It seems that Southern Baptists are rejecting the watered down, degenerate, and liberal milquetoast version of Christianity that they have been force fed in recent decades. Just wait until the American economy collapses.
I’m reposting the link here because I know it will be of interest to some of our readers:
“Calvinism, often also referred to as Reformed theology, is gaining influence in the Southern Baptist Convention (SBC). A 2007 poll reported that 10% of its pastors now call themselves Reformed, and that 29% of recent seminary graduates do so—an intriguing portent for the future. The development was not much noticed for a while, but is now generating a lively controversy. It should be noted that, from its inception in the sixteenth century, Calvinism has come in two versions—one closely following the teachings of the founding generation, the other having significantly softened the original harshness. Both versions came to America from the various Calvinist homelands in Europe—notably Switzerland, Germany, Scotland and (very importantly) the Netherlands. The softer version has been more prevalent. What is particularly interesting is that the harsher version seems to appeal to many Baptists turned neo-Calvinists.
The original, full-bodied version of Calvinism has been symbolized by the acronym TULIP (it is probably not accidental that this is also the national flower of the Netherlands). The first letters of the acronym stand for: Total depravity: human nature has no good features whatever; Unmerited election: we are saved by God’s grace, which we don’t deserve; Limited atonement: not all men are saved, only the elect; Irresistible grace: we cannot resist God’s action in saving us; Perseverance of the saints: once God has placed us among the elect, we can never lose that status. Put together, these propositions add up to the so-called doctrine of double predestination—the assertion that God, from all eternity, has decided who will be saved and who will be damned. Arguably, this is the most repulsive doctrine in the history of the Christian religion. . .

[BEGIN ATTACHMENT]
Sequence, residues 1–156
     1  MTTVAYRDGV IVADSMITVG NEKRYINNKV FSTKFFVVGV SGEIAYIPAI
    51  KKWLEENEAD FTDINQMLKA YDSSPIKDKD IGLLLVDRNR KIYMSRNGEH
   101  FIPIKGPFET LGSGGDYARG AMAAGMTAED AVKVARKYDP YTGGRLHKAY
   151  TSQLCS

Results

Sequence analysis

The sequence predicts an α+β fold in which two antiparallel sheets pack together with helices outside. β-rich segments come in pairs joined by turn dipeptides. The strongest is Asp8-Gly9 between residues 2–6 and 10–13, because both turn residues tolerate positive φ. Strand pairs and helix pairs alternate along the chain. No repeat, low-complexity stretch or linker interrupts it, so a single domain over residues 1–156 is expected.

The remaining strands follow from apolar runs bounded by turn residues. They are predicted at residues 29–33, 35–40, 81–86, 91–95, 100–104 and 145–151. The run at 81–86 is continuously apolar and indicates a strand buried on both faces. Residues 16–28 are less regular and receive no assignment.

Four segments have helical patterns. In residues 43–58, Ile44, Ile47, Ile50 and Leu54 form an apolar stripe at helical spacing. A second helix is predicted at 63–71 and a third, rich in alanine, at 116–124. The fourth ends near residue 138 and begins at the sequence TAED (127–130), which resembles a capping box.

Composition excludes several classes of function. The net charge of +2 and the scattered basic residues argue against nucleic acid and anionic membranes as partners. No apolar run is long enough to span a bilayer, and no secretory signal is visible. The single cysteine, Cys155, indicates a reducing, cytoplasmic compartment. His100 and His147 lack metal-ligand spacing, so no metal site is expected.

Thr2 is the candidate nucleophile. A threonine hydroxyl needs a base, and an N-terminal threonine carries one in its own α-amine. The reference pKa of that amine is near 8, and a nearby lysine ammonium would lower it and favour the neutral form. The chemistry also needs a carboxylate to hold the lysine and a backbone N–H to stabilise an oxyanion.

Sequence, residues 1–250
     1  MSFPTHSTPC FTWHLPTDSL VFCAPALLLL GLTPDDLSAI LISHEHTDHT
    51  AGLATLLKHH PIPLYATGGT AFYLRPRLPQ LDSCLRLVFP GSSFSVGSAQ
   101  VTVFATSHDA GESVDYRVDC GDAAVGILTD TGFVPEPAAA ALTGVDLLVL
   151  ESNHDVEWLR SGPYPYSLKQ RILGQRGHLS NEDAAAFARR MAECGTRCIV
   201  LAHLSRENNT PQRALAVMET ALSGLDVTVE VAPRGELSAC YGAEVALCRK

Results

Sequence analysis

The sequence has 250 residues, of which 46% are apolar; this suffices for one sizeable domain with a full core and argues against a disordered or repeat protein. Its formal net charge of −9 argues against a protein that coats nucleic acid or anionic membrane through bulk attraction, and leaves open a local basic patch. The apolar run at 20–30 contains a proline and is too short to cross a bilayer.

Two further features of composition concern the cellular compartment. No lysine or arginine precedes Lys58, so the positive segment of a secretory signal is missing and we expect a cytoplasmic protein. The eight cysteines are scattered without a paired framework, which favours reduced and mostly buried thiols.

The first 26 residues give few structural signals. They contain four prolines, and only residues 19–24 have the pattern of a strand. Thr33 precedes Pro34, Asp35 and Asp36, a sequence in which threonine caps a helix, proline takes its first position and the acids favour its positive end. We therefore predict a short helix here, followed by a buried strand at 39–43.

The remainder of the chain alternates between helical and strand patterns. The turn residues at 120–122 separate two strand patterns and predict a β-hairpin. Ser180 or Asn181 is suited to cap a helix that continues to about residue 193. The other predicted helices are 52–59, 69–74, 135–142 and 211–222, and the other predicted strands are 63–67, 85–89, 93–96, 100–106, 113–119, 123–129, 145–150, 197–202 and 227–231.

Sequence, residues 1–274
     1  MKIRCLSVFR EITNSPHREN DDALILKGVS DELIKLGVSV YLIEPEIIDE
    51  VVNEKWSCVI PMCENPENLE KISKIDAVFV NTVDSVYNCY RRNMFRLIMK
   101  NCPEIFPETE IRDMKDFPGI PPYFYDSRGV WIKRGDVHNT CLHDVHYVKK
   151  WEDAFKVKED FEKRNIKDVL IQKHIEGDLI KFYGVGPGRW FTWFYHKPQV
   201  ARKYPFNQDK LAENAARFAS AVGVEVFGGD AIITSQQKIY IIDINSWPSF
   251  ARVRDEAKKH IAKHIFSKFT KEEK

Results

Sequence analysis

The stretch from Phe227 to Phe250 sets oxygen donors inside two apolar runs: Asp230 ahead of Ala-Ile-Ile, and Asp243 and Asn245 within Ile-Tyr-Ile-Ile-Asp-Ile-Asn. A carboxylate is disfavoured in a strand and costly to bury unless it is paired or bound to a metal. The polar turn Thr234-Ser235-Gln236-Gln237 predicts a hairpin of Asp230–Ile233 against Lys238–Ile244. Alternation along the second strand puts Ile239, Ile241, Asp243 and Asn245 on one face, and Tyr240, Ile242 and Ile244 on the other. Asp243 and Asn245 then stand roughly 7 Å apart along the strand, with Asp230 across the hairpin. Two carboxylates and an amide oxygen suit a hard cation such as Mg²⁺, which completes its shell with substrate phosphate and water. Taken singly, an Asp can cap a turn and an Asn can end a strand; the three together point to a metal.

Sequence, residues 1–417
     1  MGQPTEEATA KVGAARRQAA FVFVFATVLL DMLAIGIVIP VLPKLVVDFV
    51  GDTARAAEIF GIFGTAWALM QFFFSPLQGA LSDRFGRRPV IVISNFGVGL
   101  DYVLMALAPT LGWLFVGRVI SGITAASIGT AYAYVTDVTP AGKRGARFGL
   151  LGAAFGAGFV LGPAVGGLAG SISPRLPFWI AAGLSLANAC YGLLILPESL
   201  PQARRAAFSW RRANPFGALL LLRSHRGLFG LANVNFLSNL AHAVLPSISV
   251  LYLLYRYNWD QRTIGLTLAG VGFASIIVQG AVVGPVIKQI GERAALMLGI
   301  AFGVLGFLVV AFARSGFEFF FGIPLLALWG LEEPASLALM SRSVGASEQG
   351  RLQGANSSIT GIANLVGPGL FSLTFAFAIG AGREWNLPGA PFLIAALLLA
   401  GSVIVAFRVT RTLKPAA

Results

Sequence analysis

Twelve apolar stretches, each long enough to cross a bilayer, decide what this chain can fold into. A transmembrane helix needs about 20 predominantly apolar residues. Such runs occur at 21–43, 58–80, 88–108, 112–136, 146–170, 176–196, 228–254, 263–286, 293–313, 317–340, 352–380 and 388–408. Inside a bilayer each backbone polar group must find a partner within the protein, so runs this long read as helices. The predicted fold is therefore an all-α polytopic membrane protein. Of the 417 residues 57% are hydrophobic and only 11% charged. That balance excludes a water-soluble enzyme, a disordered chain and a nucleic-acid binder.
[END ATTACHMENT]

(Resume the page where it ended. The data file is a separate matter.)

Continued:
Both the harsh and the soft versions of Calvinism have found defenders among Southern Baptists. Roger Olson (who teaches theology at Baylor University) wrote, “I am against any Calvinism—and any theology—that impugns the goodness of God in favor of absolute sovereignty, leading to the conclusion that evil, sin and every horror of history are planned and rendered certain by God.” Such a God would be “a moral monster”. Olson calls this “radical Calvinism”, expressing admiration for less extreme versions. The full TULIP version was defended by Michael Horton (Westminster Seminary), though he doesn’t like the terminology of the acronym: “It is impossible to read the Bible without recognizing God’s freedom to choose some and not others.” One of the most influential SBC theologians, Albert Mohler (Southern Theological Seminary), has supported Horton’s position, calling the New Calvinism “a healthy return to Southern Baptists’ historic roots”.